In the Quezon City road rage incident involving the former policeman, his driver’s license was promptly suspended. The parties involved eventually resolved the matter themselves. However, there are suspicions that the cyclist endured considerable fear, particularly when he was taken to two police stations. Ironically, the responding policemen now face disciplinary action due to their incompetence and may be dismissed from service if found guilty. Their mishandling of the situation underscores the need for enhanced police training in managing road incidents as well as the elimination of bias toward motorists who were once part of their ranks.
In the Philippines, a bewildering array of agencies handle traffic violations. The Metropolitan Manila Development Authority (MMDA) issues traffic tickets, but it has authorized barangay traffic enforcers to do the same. Tickets issued by barangay traffic enforcers are processed within local government units (LGUs). The LTO also issues traffic tickets, and certain police officers are deputized for this purpose. Furthermore, the Inter-Agency Council for Traffic (IACT) is authorized to issue traffic violations. The No Contact Apprehension Policy (NCAP), which uses CCTV to capture traffic violations, imposes substantial fines on offenders. Given this complex landscape, it is not unfounded to speculate whether traffic violations have become a lucrative source of income for local government units.
Addressing this issue necessitates the establishment of an institution dedicated to resolving traffic violations efficiently and impartially. The United States’ traffic court system serves as a potential model. Traffic violations in the U.S. are not categorized as crimes but as low-level infractions. Introducing a similar traffic court system in our country could streamline the handling of traffic violations. Such a system would also professionalize the issuance of driver’s licenses, with stricter measures in place.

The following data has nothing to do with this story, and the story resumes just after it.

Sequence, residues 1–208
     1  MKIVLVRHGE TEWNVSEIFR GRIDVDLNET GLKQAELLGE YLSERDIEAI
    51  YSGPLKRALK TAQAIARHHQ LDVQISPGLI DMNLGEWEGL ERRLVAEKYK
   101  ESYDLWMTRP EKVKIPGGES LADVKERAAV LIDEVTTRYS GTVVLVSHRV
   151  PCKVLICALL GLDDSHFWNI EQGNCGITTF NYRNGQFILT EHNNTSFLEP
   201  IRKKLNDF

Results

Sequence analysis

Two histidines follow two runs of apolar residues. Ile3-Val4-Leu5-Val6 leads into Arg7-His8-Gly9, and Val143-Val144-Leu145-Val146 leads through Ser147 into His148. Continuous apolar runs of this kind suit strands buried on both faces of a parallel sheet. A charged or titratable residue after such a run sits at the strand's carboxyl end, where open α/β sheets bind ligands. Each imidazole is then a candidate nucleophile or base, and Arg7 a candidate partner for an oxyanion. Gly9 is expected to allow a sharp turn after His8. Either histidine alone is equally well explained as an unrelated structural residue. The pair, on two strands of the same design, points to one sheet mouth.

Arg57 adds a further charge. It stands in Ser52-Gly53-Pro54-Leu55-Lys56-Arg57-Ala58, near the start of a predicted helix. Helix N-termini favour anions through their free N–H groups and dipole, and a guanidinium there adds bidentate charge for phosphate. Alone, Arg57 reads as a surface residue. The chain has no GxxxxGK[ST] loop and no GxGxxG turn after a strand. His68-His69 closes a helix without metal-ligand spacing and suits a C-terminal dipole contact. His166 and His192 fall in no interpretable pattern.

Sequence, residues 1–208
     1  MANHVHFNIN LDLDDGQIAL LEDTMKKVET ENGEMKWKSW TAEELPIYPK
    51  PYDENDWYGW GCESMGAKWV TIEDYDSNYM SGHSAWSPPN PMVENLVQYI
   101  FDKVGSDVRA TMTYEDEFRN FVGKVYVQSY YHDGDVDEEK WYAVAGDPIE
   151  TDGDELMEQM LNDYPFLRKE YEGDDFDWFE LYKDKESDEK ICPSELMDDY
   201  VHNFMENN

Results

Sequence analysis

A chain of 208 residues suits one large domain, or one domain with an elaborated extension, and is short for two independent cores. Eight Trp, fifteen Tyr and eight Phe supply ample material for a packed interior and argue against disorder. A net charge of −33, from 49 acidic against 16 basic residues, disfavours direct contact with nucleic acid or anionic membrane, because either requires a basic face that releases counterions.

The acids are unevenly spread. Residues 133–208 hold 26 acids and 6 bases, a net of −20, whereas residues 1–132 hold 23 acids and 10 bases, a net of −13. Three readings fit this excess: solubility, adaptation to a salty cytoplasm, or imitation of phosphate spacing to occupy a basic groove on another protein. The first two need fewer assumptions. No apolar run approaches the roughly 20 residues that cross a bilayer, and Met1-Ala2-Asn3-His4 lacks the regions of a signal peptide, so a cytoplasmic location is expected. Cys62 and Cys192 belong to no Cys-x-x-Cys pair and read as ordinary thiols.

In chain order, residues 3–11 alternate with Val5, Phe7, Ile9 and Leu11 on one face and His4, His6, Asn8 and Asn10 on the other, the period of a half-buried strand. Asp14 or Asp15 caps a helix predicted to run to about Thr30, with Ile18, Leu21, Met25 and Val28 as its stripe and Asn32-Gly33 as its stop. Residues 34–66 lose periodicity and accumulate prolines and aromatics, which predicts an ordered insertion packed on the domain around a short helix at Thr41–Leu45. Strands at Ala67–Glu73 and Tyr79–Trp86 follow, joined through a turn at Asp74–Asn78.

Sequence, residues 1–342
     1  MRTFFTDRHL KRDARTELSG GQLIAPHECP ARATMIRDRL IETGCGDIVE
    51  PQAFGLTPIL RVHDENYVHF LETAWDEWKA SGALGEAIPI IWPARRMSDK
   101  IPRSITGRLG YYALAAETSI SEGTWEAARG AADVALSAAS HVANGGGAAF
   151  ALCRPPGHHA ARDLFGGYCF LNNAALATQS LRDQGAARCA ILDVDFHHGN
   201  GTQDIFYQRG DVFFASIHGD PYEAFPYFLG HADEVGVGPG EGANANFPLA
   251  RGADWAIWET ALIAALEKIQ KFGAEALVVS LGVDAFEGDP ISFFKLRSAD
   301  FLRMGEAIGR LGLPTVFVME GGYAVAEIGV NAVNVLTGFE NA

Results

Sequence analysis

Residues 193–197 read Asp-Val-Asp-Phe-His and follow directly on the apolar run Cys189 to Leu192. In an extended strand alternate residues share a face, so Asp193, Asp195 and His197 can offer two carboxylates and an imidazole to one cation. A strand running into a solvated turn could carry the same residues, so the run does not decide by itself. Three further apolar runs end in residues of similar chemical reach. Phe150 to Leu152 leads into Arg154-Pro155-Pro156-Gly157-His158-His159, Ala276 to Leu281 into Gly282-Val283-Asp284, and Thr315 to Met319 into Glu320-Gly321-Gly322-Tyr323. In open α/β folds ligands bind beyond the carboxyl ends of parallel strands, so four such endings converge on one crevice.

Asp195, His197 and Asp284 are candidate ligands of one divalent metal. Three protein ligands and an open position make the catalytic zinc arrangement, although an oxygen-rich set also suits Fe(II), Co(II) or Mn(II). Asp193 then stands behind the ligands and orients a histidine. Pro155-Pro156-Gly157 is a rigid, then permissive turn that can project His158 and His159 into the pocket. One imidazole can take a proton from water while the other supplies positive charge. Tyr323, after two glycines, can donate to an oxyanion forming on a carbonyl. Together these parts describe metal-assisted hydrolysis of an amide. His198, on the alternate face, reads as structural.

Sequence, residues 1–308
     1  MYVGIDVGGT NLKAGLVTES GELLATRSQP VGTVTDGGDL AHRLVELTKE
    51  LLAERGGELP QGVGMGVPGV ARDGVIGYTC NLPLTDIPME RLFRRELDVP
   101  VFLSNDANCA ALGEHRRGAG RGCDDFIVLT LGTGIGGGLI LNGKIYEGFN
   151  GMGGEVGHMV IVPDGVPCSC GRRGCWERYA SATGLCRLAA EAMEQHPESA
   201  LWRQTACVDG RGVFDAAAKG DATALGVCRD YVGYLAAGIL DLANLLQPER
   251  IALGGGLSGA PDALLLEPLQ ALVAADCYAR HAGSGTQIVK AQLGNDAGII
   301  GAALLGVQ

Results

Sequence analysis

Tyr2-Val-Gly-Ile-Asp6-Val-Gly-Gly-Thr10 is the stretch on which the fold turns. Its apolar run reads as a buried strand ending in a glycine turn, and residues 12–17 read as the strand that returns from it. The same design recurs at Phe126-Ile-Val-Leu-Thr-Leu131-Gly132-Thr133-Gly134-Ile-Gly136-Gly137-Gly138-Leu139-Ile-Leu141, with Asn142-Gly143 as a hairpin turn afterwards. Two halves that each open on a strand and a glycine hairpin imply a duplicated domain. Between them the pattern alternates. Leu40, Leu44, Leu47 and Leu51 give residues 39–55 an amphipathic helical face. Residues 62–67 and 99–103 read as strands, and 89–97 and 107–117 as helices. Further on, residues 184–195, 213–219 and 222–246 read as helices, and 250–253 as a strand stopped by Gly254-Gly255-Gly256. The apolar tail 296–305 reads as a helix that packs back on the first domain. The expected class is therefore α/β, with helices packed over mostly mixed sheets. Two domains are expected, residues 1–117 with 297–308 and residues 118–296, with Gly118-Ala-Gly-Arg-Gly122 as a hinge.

Monetary penalties collected could be directed to the national treasury after congressional appropriation, mitigating concerns about traffic citations being perceived as revenue-generation tools.
However, the issue of road rage presents a distinct challenge, as it is inherently criminal, especially when it results in injuries, property damage, or loss of life. Motorists involved in violent road rage incidents, particularly those with firearms, should face severe consequences, including permanent revocation of their driver’s licenses. While it is fortunate that no deaths resulted from the Quezon City incident, the trauma inflicted on the victims may leave lasting scars. In this context, it is pertinent to reevaluate the penalty for road rage incidents, ensuring that it corresponds appropriately to the severity of the offense. A precedent exists, such as in the case of a businessman who fatally shot a De La Salle student in the 1990s during a traffic altercation; he received a life sentence. In such instances, the suspension of a driver’s license seems inadequate and inconsequential.